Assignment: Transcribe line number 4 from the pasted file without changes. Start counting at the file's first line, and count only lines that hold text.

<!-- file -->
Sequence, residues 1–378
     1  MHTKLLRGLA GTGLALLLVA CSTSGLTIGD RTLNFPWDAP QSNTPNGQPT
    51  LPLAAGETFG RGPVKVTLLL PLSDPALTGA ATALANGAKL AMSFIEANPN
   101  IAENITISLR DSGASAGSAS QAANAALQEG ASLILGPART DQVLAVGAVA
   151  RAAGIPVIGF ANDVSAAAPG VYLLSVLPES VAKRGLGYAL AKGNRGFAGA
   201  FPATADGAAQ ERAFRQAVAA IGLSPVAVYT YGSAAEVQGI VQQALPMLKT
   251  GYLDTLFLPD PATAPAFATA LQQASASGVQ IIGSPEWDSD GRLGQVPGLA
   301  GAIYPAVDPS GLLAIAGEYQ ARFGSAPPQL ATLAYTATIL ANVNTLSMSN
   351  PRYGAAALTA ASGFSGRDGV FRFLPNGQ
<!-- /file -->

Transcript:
   101  IAENITISLR DSGASAGSAS QAANAALQEG ASLILGPART DQVLAVGAVA